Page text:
The Basics of Myofascial Release

Have you heard of the term myofascial release? How much do you really know about what you are doing when you beast yourself on the foam roller at the end of your workout? No pain, no gain right? Well before we unpick the bones of myofascial release (MFR), first let’s remind ourselves what all the fuss is about fascia.

Fascia is the fabric that holds you together. You are approximately 70 trillion cells existing in relative harmony and fascia is the protein structure that holds them all together. Historically fascia was an overlooked and underappreciated structure, viewed as the thing that was in the way of getting a good view of the muscles in the body. Anatomically it was defined as a specific flat, sheet-like structure which provided an attachment for several muscles in an area e.g. the thoracolumbar fascia. 

Current research now defines fascia as being all the collagenous-based soft tissues in the body including:

  • Tendons
  • Ligaments
  • Bursae
  • 3 layers of muscle fascia (endomysium, perimysium, epimysium)
  • Visceral fascia (around organs)
  • Neural fascia (around the central and peripheral nervous system)

Fantastic characteristics of fascia:

  • Dense regular collagen fibres formed in a web / net like structure
  • Connects every cell in the body with neighbouring structures
  • Stores cellular memory
  • Tensile strength similar to steel, able to withstand great tension and deformation
  • Responds instantaneously to external and internal stimuli
  • Separates each muscle bundle, giving the muscle structure and shape
  • In conjunction with muscles, it provides multi-directional tensioning throughout the body AKA “The Sling-Systems”, enhancing dynamic stability of the body
  • Plays a key role in functional core stability
  • Provides fluidity to motion
  • Elicits pain
  • Transfers kinetic energy, load and force through the entire musculo-skeletal system, known as tensegrity (Myers, 2009)

When things go wrong

Myofascial dysfunction is something that affects all of us, at some point in our lives, to a greater or lesser degree. Being a physiotherapist, it is something I see in clinic on a daily basis and I’m sure as a personal trainer it is something your path crosses too. Not sure? Ever heard of the phrase “It’s seen you, even if you haven’t seen it”? When an issue doesn’t resolve with the obvious e.g. calf tightness with calf stretches, then consider fascial involvement. Whether its lateral knee pain as a consequence of a lumbo-pelvic pathology, or elbow pain from a rib cage problem, MFR plays a significant role in rehabilitation and optimising function. I believe education and empowerment is key and teaching our individuals self manage techniques is crucial.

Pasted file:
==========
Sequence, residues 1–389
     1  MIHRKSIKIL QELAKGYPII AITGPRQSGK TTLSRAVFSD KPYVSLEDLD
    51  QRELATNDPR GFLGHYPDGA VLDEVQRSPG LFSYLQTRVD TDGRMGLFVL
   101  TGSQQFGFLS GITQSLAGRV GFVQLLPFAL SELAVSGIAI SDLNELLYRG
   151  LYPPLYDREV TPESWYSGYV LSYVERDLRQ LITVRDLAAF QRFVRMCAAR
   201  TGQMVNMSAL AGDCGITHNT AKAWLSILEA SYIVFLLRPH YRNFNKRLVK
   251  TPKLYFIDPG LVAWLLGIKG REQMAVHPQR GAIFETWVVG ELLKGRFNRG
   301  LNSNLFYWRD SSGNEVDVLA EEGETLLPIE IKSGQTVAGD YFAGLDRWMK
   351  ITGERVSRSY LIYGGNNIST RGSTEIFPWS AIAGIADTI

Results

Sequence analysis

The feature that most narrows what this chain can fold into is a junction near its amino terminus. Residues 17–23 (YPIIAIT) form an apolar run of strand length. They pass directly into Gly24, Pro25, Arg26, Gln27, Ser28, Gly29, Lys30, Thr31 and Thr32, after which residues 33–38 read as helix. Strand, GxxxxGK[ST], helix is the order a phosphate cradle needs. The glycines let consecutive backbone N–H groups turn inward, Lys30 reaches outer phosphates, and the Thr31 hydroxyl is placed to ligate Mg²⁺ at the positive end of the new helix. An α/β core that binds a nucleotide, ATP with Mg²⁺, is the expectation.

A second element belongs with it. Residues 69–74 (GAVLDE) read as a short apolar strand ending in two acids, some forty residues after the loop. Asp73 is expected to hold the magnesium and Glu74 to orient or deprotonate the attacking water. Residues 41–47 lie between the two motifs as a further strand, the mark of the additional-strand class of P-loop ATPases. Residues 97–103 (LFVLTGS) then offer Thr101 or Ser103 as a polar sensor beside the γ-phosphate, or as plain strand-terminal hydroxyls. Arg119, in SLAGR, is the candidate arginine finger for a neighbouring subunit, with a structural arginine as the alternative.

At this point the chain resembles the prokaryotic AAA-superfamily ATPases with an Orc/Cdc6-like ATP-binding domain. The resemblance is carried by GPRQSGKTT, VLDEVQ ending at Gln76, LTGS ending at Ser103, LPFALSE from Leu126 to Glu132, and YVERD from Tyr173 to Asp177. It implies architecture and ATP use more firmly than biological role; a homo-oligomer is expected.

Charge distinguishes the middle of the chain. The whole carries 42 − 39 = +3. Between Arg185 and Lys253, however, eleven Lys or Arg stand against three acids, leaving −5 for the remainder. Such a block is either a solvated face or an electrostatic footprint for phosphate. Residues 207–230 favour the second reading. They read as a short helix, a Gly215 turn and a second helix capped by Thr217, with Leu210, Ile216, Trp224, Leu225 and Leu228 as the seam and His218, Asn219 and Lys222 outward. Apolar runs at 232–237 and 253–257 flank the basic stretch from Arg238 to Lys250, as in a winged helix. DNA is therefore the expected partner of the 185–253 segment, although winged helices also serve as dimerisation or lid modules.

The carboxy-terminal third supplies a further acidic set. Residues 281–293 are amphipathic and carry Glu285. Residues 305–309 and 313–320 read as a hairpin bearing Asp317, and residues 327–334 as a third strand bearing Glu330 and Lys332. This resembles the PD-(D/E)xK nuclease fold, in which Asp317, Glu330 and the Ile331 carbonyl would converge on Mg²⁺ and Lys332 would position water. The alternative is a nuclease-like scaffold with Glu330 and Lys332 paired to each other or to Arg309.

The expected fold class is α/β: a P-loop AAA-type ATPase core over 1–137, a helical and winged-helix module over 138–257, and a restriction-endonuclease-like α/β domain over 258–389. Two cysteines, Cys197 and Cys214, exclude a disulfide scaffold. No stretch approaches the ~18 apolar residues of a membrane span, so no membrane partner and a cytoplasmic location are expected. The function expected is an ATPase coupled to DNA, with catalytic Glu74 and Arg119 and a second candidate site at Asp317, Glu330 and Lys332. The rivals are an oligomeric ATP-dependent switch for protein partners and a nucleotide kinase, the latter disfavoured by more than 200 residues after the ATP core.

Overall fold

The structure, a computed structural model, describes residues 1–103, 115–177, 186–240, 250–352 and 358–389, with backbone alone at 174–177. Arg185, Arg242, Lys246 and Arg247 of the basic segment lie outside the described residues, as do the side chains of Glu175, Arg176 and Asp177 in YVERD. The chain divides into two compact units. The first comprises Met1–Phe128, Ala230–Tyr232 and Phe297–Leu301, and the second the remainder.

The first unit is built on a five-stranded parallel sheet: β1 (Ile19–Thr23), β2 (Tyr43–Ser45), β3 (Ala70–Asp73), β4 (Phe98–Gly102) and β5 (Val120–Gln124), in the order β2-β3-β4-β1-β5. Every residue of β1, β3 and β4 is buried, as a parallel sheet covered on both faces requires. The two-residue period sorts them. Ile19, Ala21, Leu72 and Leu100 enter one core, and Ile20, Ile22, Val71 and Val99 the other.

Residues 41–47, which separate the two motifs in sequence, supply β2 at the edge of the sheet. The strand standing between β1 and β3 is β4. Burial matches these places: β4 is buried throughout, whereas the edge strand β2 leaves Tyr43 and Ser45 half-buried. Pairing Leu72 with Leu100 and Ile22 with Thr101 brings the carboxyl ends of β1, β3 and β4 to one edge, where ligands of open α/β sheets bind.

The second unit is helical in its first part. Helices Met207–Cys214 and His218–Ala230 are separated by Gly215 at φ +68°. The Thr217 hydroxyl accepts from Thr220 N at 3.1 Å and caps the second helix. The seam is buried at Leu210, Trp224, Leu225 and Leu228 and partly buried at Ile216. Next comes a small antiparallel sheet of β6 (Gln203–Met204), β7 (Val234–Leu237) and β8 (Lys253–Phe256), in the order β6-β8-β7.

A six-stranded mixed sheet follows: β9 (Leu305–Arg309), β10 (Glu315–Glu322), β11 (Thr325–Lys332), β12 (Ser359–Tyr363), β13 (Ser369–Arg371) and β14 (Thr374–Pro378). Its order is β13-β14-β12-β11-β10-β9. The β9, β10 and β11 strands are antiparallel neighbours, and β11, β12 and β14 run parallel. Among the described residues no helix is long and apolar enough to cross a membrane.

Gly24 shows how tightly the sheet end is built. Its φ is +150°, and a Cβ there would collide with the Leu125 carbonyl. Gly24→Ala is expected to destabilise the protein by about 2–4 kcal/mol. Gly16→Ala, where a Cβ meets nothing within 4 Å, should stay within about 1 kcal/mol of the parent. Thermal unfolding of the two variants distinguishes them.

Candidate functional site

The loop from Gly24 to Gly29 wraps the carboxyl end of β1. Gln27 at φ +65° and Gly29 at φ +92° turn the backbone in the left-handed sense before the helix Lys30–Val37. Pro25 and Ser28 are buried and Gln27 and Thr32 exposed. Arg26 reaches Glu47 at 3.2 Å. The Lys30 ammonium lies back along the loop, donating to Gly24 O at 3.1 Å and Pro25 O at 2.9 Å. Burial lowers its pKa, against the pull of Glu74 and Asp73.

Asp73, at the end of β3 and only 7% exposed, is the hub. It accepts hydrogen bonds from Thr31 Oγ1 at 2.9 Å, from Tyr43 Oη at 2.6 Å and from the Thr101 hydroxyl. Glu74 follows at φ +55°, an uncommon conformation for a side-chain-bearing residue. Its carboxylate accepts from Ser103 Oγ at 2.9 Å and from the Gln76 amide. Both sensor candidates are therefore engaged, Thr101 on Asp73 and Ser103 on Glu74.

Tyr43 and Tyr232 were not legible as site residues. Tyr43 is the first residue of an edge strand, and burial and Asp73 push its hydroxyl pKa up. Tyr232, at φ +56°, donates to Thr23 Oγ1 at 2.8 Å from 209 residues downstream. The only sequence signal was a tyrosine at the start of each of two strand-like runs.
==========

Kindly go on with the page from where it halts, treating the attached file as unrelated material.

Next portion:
The Joy of MFR:

  • Reduction in pain
  • Increase in range of motion
  • Neutralisation of posture & alignment
  • Restoration of optimal myofascial length-tension relationships
  • Facilitates efficient movement and maximises function

There are specifically designed tools to help individuals MFR effectively. Be that using a specific massage ball to release the build up of tension around upper trapezius and levator scapulae or using the foam roller for releasing the gluteus medius and proximal hamstrings. Kineseology tape can be applied to ‘offload’ structures, redistributing forces and promoting healing of soft tissues.

There are many techniques and uses for these products. The basic principles of MFR are that pressure is applied for 30-45 seconds to tension/ trigger points in the myofacial system to release the tension. I like to call it ‘grateful pain’.

The key to effective use of these techniques is coupling them with complimenting exercises and having a strong understanding of current, functional anatomy. With that knowledge there will come the power to unlock one’s true potential to maximise their functional performance. Want to know more about how to do this? HFE deliver the UK’s leading Pilates instructor course, visit the website for more details.

If you’re still hungry for more detailed information on myofascial release, have a look at the long version article over at the HFE’s leading fitness blog.  

References

T.Myers (2009) cited in Myofascial Release Concepts; Session 28, HFE (2015)

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